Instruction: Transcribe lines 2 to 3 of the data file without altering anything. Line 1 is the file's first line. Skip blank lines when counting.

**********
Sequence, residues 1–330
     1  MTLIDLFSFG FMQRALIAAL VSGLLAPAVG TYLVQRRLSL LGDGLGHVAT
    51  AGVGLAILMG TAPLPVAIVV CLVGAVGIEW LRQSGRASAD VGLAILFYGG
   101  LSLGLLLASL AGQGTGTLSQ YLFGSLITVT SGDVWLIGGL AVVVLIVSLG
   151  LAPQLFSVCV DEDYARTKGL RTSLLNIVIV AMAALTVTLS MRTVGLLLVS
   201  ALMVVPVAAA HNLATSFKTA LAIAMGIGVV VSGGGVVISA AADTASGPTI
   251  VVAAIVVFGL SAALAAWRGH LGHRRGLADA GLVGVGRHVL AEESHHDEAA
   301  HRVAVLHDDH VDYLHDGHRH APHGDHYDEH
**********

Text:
     1  MTLIDLFSFG FMQRALIAAL VSGLLAPAVG TYLVQRRLSL LGDGLGHVAT
    51  AGVGLAILMG TAPLPVAIVV CLVGAVGIEW LRQSGRASAD VGLAILFYGG